Drug and Alcohol Detox: The First Step To Recovery

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Drug and alcohol detox is the first step to recovery and the first stage of any substance abuse treatment plan. This critical step in recovering from a drug or alcohol addiction involves removing toxins from the body. The treatment process can be intense and typically carried out in an inpatient facility specializing in drug or alcohol withdrawal.

There are outpatient detox programs for people with mild addictions that do not require a stay in a medical facility. It is suggested that if a person chooses the outpatient option, they have the support of either a palliative care nurse or a family member to help them with the detoxification process.

During detox, a person will experience an array of withdrawal symptoms which are a byproduct of discontinuing the use of an addictive substance. Withdrawals can cause various emotional and psychological symptoms

Suppose a person goes into an addiction treatment program for their detoxification process. In that case, they are closely monitored by doctors and nurses to ensure that their recovery process is safe and effective.

Many addiction centers offer their patients medications to help ease the unpleasant physical withdrawal symptoms and therapeutic services to help combat the psychological struggles many experiencing drug and alcohol withdrawal experience.

Withdrawal symptoms vary depending on a person's mental health, physical health, substance abuse, the length of abuse, and the number of drugs or alcohol they were using.

General Withdrawal Symptoms

  • Sweating
  • Muscle pains
  • Insomnia
  • Depression
  • Anxiety
  • Delusions
  • Seizures
  • Nausea
  • Delirium tremens
  • Fever
  • Hallucinations
  • Agitation

It is crucial to understand that detox is the first step towards recovery and does not cure the underlying genetic, environmental, and behavioral factors responsible for addiction.

Why Detox?

Detox safely manages the withdrawal symptoms associated with going cold turkey. This treatment is fundamental in preventing the uncomfortably sick feeling that occurs after sudden withdrawal from drugs. In most cases, the patients are given a safe substitute to lessen the impacts of withdrawal symptoms.

The goal of the detoxification process is to free the body and mind from drug dependency. The treatment is crucial in allowing individuals to regain their ability to control their cravings for drugs. Successful detox treatment limits painful physical and emotional experiences a patient can experience during the recovery process.

Detox is a critical phase in the treatment of addiction. It is important as it:

  • Provides you with medications that prevents lethal effects of sudden withdrawal
  • It gives you necessary medications to manage symptoms like insomnia and anxiety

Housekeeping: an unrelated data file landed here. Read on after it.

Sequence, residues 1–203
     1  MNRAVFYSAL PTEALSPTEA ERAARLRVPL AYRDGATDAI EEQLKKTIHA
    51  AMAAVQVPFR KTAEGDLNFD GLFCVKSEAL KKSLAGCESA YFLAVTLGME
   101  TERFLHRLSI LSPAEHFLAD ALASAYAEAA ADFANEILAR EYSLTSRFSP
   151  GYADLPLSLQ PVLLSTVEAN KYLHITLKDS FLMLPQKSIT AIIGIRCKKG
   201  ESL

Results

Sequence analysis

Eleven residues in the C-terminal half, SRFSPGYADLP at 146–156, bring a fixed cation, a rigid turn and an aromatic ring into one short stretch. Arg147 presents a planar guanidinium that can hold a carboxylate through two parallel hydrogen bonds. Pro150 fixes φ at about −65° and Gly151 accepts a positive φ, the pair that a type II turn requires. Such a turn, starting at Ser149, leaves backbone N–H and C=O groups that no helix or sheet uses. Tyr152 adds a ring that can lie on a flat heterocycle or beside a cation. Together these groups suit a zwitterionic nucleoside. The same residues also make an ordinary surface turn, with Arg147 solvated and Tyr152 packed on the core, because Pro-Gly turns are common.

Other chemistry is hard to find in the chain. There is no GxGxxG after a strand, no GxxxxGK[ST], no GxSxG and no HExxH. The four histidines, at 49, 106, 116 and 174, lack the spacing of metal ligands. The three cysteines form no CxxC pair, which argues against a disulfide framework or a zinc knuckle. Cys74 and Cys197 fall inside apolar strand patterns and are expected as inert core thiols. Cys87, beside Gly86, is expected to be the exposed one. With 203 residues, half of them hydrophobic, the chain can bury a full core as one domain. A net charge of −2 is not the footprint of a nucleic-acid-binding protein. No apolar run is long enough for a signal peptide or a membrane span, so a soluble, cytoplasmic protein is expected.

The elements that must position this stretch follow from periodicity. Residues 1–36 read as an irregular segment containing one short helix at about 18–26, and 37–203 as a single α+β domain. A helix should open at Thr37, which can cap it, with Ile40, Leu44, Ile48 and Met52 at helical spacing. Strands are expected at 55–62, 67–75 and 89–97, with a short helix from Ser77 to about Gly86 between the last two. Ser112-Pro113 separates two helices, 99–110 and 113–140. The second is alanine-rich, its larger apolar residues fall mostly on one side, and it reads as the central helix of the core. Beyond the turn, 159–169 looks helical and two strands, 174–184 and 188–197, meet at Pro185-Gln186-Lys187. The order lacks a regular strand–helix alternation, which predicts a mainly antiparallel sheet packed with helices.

• Provides emergency care services in events of medical complications or severe withdrawal symptoms such as coma or seizure
  • Allows you to enjoy support from experienced professionals who will assist you along your recovery journey
  • You get supportive services including ongoing vital symptoms monitoring 

Detoxification provides better management of withdrawal symptoms and allows your body and mind to function without influence of a substance.

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The Process of Detoxification

Detoxification involves three main phases: evaluation, stabilization and continuous support.

1. Evaluation is the first step in any detox process and involves testing for presence of addicting substances in the body and measuring the concentration of substances in the body. At this stage, physicians conduct a comprehensive assessment to determine presence of co-occurring mental illnesses.Evaluation also comprises of analysis of medical and psychological conditions to determine the level of treatment and the choice of therapies for the patient.

2. Stabilization involves use of medical and psychosocial interventions aimed at helping the patient overcome acute intoxication and withdrawal symptoms. The process ensures that the patient is medically stable before being subjected to other drug addiction therapies. During this phase the family, employer and friends are involved in the process

3. Preparation process involves preparing the patient psychologically before beginning the complete drug addiction continuum of care. In some drug rehab centers, patients are mandated to sign a legally binding document that they will proceed into either 30-day, 60-day or 90-day programs after the detoxification process.

Types of Detox

Typically, there are two types of detoxification programs - medical detox and outpatient detox. Medical detox is meant for severe addictions. Under this detox method, patients receive medications to alleviate drug and alcohol withdrawal symptoms.

Medical detox is necessary for patients who:

  • Have more than one form of addictions
  • Are in critical health conditions because of psychiatric issues co-occurring with addiction
  • Lack adequate social support at home or work